I downloaded and installed KeePass but never used it. Never figured it out. (To be fair, I never really tried — the possibility of an error leaving me locked out of everything was too daunting.)
The most highly recommended password managers now are 1Password and BitWarden. If I had to choose one it would be the latter because people I respect respect it. But until a year ago the most highly recommended password manager was LastPass.
So I’ve been treading water. If you have read this column for any length of time — thanks and where appropriate my apologies — you know of my strong liking of the Proton security products. I’ve used them exclusively for five years, beginning with the secure ProtonMail and expanding to their VPN and cloud. They are, best I can tell, very good people in a safe place. There is no runner-up in these regards, in my estimation. (And in a world in which reviews and commentary are almost universally corrupt, no, I receive no consideration from them at all. I pay for their products, which they then provide. Sometimes I think they don’t even much like me.) When I was looking among password managers I dropped them a note. I said I thought that they ought to get into the password-manager business. The reply was a pleasant but foggy note to the effect that they were working on it, translation, “Don’t hold your breath.”
So it was a pleasant surprise when, at 5:30 this morning (yes, I was still awake), I got an email message from Proton: “We want to make sure you have the best tools to protect your security and privacy online and are pleased to announce that your plan now includes the full version of Proton Pass, our new end-to-end encrypted password manager, at no extra cost.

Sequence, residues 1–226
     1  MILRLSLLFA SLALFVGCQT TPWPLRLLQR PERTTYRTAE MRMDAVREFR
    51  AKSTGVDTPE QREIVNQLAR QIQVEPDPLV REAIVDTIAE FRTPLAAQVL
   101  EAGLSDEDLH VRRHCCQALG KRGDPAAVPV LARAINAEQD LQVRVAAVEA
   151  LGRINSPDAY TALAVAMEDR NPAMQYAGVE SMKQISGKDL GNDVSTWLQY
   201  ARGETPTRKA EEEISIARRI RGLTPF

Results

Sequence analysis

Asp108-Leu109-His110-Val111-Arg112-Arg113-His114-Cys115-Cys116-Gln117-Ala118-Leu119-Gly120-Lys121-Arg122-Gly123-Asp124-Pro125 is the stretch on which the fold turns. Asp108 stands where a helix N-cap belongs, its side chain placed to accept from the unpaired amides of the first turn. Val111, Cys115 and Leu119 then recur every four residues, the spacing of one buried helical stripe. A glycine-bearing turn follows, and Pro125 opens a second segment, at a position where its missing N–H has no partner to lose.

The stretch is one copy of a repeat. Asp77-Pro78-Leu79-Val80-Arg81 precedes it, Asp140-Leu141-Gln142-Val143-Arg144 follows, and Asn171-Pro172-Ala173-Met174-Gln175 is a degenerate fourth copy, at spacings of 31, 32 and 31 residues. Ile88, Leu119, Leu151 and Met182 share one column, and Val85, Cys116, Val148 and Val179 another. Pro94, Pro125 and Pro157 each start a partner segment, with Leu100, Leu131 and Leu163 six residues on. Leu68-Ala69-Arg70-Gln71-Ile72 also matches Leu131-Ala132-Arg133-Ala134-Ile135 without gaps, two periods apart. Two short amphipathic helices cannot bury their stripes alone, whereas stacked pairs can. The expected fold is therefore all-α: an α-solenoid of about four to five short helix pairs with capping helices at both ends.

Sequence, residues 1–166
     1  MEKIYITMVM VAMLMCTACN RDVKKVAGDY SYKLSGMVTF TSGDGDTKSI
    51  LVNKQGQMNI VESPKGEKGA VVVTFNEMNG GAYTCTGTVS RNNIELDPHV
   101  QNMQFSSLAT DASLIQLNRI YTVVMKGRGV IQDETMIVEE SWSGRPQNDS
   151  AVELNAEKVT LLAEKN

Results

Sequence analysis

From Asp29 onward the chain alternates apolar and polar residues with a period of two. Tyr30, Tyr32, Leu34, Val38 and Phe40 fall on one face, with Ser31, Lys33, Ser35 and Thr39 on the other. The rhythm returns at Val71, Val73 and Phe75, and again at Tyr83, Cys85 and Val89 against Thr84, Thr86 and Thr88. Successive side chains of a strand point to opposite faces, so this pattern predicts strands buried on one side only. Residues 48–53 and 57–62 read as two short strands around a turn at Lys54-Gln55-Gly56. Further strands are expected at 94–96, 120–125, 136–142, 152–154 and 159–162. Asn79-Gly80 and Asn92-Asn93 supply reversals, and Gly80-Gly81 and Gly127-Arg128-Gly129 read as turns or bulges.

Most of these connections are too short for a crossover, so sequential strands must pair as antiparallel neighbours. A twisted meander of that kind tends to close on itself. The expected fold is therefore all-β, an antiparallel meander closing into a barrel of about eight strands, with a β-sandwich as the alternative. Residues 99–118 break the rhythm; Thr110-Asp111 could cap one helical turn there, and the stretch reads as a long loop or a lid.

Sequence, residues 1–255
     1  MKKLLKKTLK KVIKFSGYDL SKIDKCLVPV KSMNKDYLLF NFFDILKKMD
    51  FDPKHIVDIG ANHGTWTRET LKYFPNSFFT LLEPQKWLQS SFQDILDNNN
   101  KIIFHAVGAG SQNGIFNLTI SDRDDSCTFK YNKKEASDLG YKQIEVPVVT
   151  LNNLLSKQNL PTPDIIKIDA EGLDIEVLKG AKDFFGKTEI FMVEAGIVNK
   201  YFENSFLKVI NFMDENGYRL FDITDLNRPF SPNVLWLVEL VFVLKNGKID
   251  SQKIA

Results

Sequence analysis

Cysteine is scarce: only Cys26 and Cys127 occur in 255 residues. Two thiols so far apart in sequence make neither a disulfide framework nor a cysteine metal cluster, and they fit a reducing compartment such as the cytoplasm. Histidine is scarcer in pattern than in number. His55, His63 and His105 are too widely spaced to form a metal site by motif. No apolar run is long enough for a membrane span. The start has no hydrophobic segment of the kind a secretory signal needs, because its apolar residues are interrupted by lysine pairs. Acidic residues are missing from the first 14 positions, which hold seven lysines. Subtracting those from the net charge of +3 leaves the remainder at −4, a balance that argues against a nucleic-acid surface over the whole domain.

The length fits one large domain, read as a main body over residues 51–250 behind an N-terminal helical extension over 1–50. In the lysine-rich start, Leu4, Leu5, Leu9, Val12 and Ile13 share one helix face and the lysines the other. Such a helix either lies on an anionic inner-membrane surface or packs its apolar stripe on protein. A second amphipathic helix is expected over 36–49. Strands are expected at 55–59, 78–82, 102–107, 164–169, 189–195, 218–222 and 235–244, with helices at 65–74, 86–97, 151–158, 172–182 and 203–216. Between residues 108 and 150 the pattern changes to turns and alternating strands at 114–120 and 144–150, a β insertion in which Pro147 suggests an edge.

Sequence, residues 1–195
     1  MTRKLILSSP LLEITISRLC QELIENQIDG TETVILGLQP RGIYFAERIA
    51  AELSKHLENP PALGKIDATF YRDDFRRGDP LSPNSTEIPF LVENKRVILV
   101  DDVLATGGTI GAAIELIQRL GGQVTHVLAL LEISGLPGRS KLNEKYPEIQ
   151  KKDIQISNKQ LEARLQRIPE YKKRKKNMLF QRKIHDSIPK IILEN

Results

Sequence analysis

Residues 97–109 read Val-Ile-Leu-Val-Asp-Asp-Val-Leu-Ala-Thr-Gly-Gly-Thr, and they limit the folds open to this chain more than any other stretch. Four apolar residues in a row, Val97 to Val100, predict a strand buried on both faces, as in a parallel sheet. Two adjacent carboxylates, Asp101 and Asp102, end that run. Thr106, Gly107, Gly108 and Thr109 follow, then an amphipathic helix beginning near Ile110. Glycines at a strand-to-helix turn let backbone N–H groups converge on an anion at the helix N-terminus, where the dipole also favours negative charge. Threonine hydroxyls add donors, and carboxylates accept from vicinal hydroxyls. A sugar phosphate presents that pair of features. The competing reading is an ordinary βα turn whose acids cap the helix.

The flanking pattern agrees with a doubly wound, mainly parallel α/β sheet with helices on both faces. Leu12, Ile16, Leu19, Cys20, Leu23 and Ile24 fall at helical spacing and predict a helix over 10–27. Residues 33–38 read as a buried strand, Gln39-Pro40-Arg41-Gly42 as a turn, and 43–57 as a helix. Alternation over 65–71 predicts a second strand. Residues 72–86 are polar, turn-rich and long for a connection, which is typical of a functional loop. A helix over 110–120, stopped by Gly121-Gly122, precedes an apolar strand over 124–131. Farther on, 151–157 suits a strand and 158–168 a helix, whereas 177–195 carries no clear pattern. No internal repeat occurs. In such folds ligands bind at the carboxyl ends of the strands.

“For those of you that don’t know what a password manager is good for, we’ve created a short video demonstrating what Proton Pass can do. Proton Pass is more than just a password manager, it’s also an identity manager . . .” It even lets you provide email address aliases. These guys are good.
What’s more, it is free. There’s some doo-dad here and there that I get because I’m a paid subscriber. But I haven’t been able to find anything I would use that free users don’t get. The problem of moving from device to device has disappeared. Over five years I have come to trust Proton more than I do any other online entity. They are good at doing things that I want done. And their encryption is so comprehensive that even if the bad guys somehow got my master file — knock yourself out, bad guys. I’ll check back in a million years to see how it’s coming along.
I haven’t set it up yet — hey, I was still awake at 5:30 this morning! — but will do so this week. With that caveat, it has jumped to the top of my list of password managers.
Whether you choose Proton or some other password manager, you really should get one.
And use it.